Polls closed at midnight (2030 GMT), after voting hours were extended several times during the day, the official IRNA news agency reported.
Local Fars news agency estimated the turnout to stand at “more than 40 percent.”
“The plan to boycott the elections, designed by foreign enemies and their internal supporters, failed with the participation of around 25 million people,” it said, without elaborating

Iran’s last parliamentary election in 2020 saw turnout of 42.57 percent — the lowest since the 1979 Islamic Revolution.
Hadi Tahan Nazif, spokesman for the Guardian Council which vets candidates, voiced optimism about Friday’s turnout, saying it was “even better” than four years ago.
Khamenei had on Friday appealed for people to vote, saying: “Onlookers from all over observe the affairs of our country; make (Iran’s) friends happy and ill-wishers disappointed.”
The supreme leader had previously warned that Iran’s “enemies want to see if the people are present.” Otherwise, he added, “they will threaten your security in one way or another.”
Those watching, he said, included the United States, “most of the Europeans, evil Zionists, capitalists and big companies.”
Iran considers the United States, its Western allies and Israel “enemies” of the state and accuses them of seeking to intervene in its internal affairs.
On the eve of the elections, the United States said they would be unfair.
“I have no expectation that Iran’s elections will be free and fair, and I suspect that a great number of Iranians have no expectation that those elections will be free and fair,” US State Department spokesman Matthew Miller told reporters in Washington.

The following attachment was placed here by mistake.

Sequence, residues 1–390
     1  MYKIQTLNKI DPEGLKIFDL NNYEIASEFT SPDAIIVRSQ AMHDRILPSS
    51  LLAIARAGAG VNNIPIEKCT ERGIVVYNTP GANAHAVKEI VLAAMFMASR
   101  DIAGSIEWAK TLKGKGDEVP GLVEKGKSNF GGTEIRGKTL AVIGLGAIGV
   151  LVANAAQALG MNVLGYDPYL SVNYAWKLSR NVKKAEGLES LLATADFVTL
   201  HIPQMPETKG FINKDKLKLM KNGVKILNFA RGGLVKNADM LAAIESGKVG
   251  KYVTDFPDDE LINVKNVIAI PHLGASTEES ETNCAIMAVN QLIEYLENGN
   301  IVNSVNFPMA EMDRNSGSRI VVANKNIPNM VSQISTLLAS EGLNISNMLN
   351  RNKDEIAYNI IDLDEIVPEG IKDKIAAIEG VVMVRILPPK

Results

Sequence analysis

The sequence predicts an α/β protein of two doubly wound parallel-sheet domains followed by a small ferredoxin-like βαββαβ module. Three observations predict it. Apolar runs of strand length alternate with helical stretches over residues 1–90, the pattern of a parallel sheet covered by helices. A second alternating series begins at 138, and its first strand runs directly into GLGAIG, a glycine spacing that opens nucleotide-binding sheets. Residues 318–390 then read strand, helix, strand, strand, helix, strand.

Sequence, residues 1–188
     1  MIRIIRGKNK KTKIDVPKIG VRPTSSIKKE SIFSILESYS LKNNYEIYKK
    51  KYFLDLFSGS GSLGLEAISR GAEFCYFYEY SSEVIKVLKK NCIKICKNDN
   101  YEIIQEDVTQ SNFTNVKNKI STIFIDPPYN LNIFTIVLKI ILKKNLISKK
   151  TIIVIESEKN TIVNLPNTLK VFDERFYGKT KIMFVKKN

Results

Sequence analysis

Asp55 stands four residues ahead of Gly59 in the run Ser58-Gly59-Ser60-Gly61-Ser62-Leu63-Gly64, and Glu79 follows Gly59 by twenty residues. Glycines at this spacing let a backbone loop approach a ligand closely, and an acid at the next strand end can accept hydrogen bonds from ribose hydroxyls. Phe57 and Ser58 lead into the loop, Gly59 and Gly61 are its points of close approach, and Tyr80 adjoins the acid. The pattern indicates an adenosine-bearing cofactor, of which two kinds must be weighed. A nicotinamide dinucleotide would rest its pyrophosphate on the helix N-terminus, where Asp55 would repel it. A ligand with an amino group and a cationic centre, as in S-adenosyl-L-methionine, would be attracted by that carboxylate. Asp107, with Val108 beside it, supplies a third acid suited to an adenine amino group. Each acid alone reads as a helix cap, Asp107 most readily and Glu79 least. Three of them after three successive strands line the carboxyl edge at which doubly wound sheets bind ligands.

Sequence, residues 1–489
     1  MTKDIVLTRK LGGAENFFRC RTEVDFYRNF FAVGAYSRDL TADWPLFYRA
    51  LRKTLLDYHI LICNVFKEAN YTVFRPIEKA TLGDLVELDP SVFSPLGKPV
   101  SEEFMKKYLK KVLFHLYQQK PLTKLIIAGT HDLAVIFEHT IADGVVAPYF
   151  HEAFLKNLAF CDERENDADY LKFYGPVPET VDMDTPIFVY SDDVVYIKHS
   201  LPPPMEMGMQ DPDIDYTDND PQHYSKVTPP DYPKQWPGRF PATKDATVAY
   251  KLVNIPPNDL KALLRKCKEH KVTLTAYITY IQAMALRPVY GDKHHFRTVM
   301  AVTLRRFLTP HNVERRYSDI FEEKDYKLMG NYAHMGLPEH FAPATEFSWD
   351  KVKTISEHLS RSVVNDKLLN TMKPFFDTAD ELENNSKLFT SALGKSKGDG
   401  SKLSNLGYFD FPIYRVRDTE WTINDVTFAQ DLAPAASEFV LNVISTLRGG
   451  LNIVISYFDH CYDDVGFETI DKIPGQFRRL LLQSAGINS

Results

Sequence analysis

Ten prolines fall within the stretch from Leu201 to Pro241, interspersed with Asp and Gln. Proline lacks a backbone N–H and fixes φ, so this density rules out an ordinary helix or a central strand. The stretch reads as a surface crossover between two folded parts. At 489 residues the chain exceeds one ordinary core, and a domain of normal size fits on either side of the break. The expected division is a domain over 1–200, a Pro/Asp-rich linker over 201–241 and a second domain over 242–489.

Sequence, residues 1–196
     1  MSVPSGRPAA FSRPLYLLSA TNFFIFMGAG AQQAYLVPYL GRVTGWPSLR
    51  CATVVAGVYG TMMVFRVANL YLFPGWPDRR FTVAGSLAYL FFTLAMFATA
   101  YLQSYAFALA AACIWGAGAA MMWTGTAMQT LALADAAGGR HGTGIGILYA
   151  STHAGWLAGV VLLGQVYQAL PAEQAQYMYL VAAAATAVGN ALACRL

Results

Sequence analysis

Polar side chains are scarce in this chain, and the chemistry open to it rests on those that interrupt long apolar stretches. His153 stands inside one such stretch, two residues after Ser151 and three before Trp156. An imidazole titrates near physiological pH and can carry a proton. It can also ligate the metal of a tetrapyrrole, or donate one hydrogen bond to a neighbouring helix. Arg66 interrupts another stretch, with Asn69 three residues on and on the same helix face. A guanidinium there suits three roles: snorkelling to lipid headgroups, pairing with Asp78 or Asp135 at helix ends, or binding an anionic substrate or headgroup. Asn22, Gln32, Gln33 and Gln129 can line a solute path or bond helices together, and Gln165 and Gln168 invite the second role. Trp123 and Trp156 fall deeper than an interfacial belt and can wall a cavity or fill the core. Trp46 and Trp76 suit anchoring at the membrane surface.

Candidates for parliament are vetted by the Guardian Council, whose members are either appointed or approved by the supreme leader.
They have approved a total of 15,200 candidates, out of nearly 49,000 applicants, to run for seats in the 290-member parliament.
Conservatives and ultra-conservatives, who hold 232 out 290 seats in the 2020 parliament after reformist and moderate candidates were disqualified, are expected by analysts to dominate once again.
A coalition of parties called the Reform Front said it would not take part in “meaningless, non-competitive and ineffective elections.”

Former Iranian president, the reformist Mohammad Khatami, was quoted in February by the conservative Javan daily as saying that Iran was “very far from free and competitive elections.”
Conservatives are also expected to maintain a firm grip on the Assembly of Experts, an 88-member body exclusively made up of male Islamic scholars.
A total of 144 candidates are running but many hopefuls were disqualified, including moderate former president Hassan Rouhani.
The Israel-Hamas war has sent tensions in the region soaring, with pro-Tehran groups in Lebanon, Iraq, Syria and Yemen all involved in clashes with either Israel or its Western allies.